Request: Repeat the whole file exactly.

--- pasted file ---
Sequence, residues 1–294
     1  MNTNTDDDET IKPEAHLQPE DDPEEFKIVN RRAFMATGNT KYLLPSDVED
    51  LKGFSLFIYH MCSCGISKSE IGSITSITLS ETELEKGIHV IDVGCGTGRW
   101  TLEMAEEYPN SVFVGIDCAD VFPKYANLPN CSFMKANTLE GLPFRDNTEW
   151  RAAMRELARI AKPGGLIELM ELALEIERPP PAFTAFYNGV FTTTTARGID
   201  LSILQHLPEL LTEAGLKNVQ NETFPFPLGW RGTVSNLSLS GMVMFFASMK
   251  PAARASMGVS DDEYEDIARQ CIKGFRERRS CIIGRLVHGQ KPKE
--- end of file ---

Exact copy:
Sequence, residues 1–294
     1  MNTNTDDDET IKPEAHLQPE DDPEEFKIVN RRAFMATGNT KYLLPSDVED
    51  LKGFSLFIYH MCSCGISKSE IGSITSITLS ETELEKGIHV IDVGCGTGRW
   101  TLEMAEEYPN SVFVGIDCAD VFPKYANLPN CSFMKANTLE GLPFRDNTEW
   151  RAAMRELARI AKPGGLIELM ELALEIERPP PAFTAFYNGV FTTTTARGID
   201  LSILQHLPEL LTEAGLKNVQ NETFPFPLGW RGTVSNLSLS GMVMFFASMK
   251  PAARASMGVS DDEYEDIARQ CIKGFRERRS CIIGRLVHGQ KPKE